Hiring a String Quartet for Recording
By vaughan • 11th March 2013 • Posted in: Other Functions and Events
The String Quartet format (two violins, a viola and cello) is a very popular form used for adding string parts to tracks in all genres.
So what are some of the things clients should bear in mind when looking to hire a string quartet for a pop track or other recording project?
1. Using a professional group is probably the most economical way of working – as we are frequently asked to re-record string parts laid down by previous disappointing results from student musicians and amateur string quartets. When it comes to the recording studio, clients need players with exceptionally accurate tuning and good tone (especially when using a close mic), so that the music can be sight read perfectly and recorded right straight away, without expensive studio time being taken up with poor takes and further countless hours spent in post production using autotune, excessive reverb and other studio techniques to hide weaknesses in the playing.
2. Getting parts properly notated and ideally orchestrated by a string arranger will help get the maximum best effect of hiring a session string quartetfor a track. If you have written your own string arrangements, or used a midi generated score, it is highly advisable to get a string player to check them through to make sure all the parts are playable and readable by the string quartet in the studio.
3. Studio or location recording?
There is a further, in depth article discussing the merits and drawbacks of location recording here: but if you’re using a studio and close mics to record strings for a pop track, it may be worth using good separation between the players to help reduce spill between the different microphones. There are several effective ways of micing up a string quartet in the recording studio, depending on how you want the strings to sound and perhaps that’s a subject for another blog post! Then you’ll have more flexibility with panning and other post production when putting the strings into the mix.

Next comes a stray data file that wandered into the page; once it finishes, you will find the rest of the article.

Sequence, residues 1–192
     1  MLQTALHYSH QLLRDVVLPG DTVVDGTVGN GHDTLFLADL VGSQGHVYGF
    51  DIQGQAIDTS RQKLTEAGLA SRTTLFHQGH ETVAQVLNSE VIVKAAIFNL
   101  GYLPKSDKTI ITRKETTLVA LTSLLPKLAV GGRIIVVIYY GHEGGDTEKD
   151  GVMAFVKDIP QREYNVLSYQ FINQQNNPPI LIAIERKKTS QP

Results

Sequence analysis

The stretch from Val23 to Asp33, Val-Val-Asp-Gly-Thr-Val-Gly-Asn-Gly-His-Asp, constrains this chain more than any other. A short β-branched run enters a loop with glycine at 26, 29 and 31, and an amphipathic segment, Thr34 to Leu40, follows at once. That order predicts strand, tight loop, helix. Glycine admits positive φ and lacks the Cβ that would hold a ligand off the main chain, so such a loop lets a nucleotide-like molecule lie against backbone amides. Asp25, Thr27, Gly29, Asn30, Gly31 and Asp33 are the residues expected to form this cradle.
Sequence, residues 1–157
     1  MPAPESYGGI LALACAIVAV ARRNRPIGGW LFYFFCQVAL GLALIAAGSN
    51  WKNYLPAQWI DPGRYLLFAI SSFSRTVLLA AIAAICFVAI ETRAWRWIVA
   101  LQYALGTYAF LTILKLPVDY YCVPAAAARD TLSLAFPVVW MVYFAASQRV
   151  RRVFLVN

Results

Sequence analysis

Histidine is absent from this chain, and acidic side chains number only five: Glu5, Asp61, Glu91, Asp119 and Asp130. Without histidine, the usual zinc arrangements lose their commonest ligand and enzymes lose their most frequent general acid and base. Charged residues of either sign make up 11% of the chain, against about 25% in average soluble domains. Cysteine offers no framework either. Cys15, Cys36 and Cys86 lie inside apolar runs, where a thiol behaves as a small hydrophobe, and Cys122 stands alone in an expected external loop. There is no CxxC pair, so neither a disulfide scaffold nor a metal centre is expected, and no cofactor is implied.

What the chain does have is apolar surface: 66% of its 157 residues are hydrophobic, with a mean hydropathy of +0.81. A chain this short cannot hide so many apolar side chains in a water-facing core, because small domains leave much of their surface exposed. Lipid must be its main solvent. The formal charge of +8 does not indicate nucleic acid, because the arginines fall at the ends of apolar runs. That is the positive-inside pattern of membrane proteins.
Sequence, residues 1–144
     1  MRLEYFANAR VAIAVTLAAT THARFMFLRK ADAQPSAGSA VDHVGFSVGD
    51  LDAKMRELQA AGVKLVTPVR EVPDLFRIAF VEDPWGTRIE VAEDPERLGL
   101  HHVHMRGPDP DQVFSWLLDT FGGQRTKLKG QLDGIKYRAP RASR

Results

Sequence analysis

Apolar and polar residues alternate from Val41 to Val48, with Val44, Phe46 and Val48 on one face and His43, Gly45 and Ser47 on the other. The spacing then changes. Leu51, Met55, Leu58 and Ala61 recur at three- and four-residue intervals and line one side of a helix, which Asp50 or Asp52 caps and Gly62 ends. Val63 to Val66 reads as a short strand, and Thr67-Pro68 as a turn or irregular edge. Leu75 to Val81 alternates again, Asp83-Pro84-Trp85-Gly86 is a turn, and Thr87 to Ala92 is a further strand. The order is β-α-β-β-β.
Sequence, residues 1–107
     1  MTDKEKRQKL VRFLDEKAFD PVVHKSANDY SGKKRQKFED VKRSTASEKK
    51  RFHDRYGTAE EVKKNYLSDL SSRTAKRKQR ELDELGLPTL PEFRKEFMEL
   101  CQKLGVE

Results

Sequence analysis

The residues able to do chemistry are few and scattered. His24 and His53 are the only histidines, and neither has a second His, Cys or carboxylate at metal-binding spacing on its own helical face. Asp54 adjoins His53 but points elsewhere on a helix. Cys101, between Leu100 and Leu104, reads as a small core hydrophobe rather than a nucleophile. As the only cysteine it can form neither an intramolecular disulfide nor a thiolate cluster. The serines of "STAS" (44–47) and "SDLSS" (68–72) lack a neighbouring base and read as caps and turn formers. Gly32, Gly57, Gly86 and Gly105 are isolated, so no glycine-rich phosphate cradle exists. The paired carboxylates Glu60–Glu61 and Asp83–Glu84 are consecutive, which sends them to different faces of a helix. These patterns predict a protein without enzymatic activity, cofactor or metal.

4. Recording the strings last is often helpful, so that the string quartet can hear the existing track back through headphones and fit their playing precisely with the timings of the track. In an ideal world, the string arranger will have written the scores once the rest of the track is nearly completed (even with a guide vocal in), so that he or she can add the strings in the most effective way and enhance the song without dominating it or getting lost in the mix.
If you are interested in the costs of hiring a string quartet or even a solo string player for a track, please see our specialised website dealing with session work String Section.
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